British insects: the families of Coleoptera


L. Watson and M. J. Dallwitz


Minute Marsh-roving Beetles.

Adults. Beetles terrestrial, or sub-aquatic (? - living in or on mud on the margins of water courses); walking in water or free-swimming by conventional ambulatory motion of the legs, not diving strongly; moving in the water by alternate, walking leg movements; perhaps replenishing air for respiration beneath the elytra indirectly from that acquired and held in a ventral plastron (?); perhaps incorporating bubbles of oxygen directly into the plastron (?). Beetles 1.5–1.8 mm long; body length/maximum body width 1.3–2.15; elytral length/pronotal length 2.4–4.7; base of prothorax not or scarcely narrower than the combined elytral bases; greatest prothoracic width not narrower or only slightly narrower than the greatest elytral width, or distinctly narrower than greatest elytral width. Beetles oval; dorsally strongly convex; having ventral body cavities into which the legs fold to conform with the general body surface; not necked; not waisted. Upper surfaces of body non-glabrous. Beetles with very short, appressed pubescence throughout. Upper surfaces of body not bristly; with neither scales nor scale-like setae. Inclination of the head slight to very strong.

Eyes strongly protuberant, or not strongly protuberant; without bristles. Mandibles with a well developed mola; with well developed prosthecae. The mandibular apices bidentate or bilobed, or multidentate or multilobed. The incisor edges of the mandibles simple. The maxillae with distinct galea and lacinia apically to the palp. The apical segment of the maxillary palps cylindrical to fusiform. The apical segment of the labial palps not expanded apically. Antennae short; 7 segmented, or 11 segmented; weakly clubbed. Antennal clubs 1 segmented. Antennal insertions visible from above, or hidden from above.

Prothorax without notopleural sutures. Pronotal length/maximum pronotal width 0.3–0.65. The scutellum elevated. Metaventrite with a transverse groove, or without a transverse groove. The fore-leg coxal cavities broadly open; quite widely separated; strongly transverse; without lateral extensions; internally open. Hind coxae posteriorly shaped to receive the retracted femur; with a steep transverse declivity against which the femur retracts. Tarsal segmentation formula 5, 5, 5. None of the tarsi with conspicuously bilobed segments. None of the tarsi with ‘hidden’ segments. The front tarsi with as many segments as the mid-tarsi; 5-segmented. Mid-leg tarsi 5-segmented; pentamerous. The claws of the mid-leg tarsi not appendaged. The claws of the mid-leg tarsi simple. Hind tarsi with at least as many segments as the mid-tarsi; 5-segmented.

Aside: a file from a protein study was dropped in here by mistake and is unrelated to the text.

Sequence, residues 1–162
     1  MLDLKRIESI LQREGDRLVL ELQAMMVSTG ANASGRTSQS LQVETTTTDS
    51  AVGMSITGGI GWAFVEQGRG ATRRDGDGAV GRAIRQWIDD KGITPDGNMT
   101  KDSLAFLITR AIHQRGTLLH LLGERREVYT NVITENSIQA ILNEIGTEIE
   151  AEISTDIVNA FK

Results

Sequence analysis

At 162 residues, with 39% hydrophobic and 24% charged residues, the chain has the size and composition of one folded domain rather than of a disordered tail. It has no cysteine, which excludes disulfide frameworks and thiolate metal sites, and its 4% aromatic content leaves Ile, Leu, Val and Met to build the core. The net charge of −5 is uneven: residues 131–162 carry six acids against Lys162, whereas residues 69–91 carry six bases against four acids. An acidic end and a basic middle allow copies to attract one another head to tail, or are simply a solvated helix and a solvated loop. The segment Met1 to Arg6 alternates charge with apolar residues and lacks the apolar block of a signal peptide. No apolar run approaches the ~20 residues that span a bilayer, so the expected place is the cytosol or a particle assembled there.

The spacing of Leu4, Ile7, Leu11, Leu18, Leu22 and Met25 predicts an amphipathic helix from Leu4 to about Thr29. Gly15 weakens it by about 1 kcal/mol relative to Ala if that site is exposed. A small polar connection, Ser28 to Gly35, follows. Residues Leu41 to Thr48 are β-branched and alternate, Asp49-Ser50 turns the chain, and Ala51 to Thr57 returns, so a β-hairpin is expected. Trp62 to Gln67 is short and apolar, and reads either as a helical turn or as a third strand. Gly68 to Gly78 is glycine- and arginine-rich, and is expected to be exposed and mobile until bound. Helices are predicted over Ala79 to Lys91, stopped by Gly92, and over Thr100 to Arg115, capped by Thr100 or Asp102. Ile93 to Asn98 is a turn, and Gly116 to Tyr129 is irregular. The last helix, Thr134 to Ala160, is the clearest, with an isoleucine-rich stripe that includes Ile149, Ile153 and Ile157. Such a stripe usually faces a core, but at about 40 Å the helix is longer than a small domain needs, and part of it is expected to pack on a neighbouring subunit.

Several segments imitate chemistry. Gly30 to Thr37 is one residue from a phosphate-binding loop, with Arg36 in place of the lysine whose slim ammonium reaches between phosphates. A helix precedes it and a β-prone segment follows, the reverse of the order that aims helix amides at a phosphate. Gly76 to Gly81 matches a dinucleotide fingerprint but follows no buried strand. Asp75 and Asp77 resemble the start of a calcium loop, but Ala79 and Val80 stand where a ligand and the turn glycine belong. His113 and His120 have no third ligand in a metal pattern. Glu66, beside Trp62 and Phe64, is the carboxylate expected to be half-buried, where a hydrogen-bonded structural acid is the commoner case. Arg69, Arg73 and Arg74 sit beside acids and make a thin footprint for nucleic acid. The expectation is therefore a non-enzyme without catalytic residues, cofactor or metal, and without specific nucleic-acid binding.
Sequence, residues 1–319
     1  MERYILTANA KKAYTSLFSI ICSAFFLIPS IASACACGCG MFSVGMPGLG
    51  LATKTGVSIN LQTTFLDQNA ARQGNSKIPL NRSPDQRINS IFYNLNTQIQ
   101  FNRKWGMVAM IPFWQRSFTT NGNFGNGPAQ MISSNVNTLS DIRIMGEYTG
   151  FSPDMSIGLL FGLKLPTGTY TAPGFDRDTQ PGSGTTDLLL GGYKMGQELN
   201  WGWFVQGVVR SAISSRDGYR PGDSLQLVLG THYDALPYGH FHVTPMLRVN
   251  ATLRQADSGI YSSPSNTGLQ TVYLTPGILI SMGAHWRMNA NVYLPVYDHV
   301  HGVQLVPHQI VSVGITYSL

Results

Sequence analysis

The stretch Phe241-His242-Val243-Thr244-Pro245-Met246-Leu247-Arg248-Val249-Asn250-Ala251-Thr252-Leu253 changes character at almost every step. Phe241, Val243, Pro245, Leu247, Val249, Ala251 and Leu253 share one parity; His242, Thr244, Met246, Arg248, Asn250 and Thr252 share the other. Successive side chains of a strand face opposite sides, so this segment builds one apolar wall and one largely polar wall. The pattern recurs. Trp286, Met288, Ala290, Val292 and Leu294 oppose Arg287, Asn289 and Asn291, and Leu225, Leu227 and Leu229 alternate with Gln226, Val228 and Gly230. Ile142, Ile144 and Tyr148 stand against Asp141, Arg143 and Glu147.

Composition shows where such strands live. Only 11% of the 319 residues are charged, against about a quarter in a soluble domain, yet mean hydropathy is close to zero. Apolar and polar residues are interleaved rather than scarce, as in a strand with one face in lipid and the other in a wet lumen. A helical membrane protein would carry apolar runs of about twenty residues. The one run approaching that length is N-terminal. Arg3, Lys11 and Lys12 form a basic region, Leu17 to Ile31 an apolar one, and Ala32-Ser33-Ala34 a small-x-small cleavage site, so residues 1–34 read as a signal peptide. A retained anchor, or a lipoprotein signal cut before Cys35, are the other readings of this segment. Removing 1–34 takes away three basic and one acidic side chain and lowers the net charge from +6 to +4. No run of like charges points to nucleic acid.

Elytra present. Elytral length/maximum width across the elytra 1–1.65. Elytra exposing no more than part of the terminal tergite. Scutellary striole absent. Elytra non-glabrous (with very short, fine recumbent pubescence). Wings well developed, or absent or much reduced. Exposed abdominal sternites 5; comprising both fused and movable components, or all fused and immovable; immovably joined 3, or 5. Abdominal segment 8 with apparently functional spiracles.

Larvae. The larvae campodeiform; elongate and more or less parallel-sided; vestiture restricted to fine hairs or setae; dorsally heavily pigmented or sclerotized; only very lightly pigmented. The antennae less than 0.15 x the with of the head. Stemmata 6, or fewer than 6 (then five). Frontoclypeal suture between frons and clypeus distinct. The labrum and head capsule separated by a complete suture. Apices of the mandibles bilobed or bidentate, or trilobed or tridentate. The maxillary palps 4 segmented. The labium with a short ligula between the palps. The labial palps 4 segmented. The mesothoracic legs 5 segmented (including the pretarsus); with 1 movable claw. Visible abdominal segments 10. Tergum 9 of the abdomen entirely dorsal.

The larvae non-aquatic (but in wet places). The abdomen exhibiting functional abdominal spiracles. The larvae without gills. Abdominal tergum 8 without amature.

Worldwide and British representation. About 270 species worldwide; genera about 35. 1 species in Britain (L. pygmaeus); genera in Britain 1; Limnichus.

Classification. Suborder Polyphaga; Infraorder Elateriformia; Superfamily Dryopoidea.

General comments on this taxon. The tarsi in non-British species are sometimes pseudopentamerous or tetramerous, sometimes also with lobed segments. Stout-bodied, ovoid beetles with both dorsal and ventral surfaces convex; ventrally with cavities into which the legs can be folded; the mid coxae widely separated, the hind ones very colsely approximated.

Miscellaneous. • Limnichus pygmaeus (from Joy). Limnichus pygmaeus (Limnichidae). Eubria palustris (Psephenidae). • Limnichus pygmaeus (with Dermestidae, Byrrhidae, etc.): Fowler 3, 97 (1889). • Fowler 3, 97 (1889): original legend..

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Cite this publication as: ‘Watson, L., and Dallwitz, M.J. 2003 onwards. British insects: water beetles. Version: 18th September 2012.’.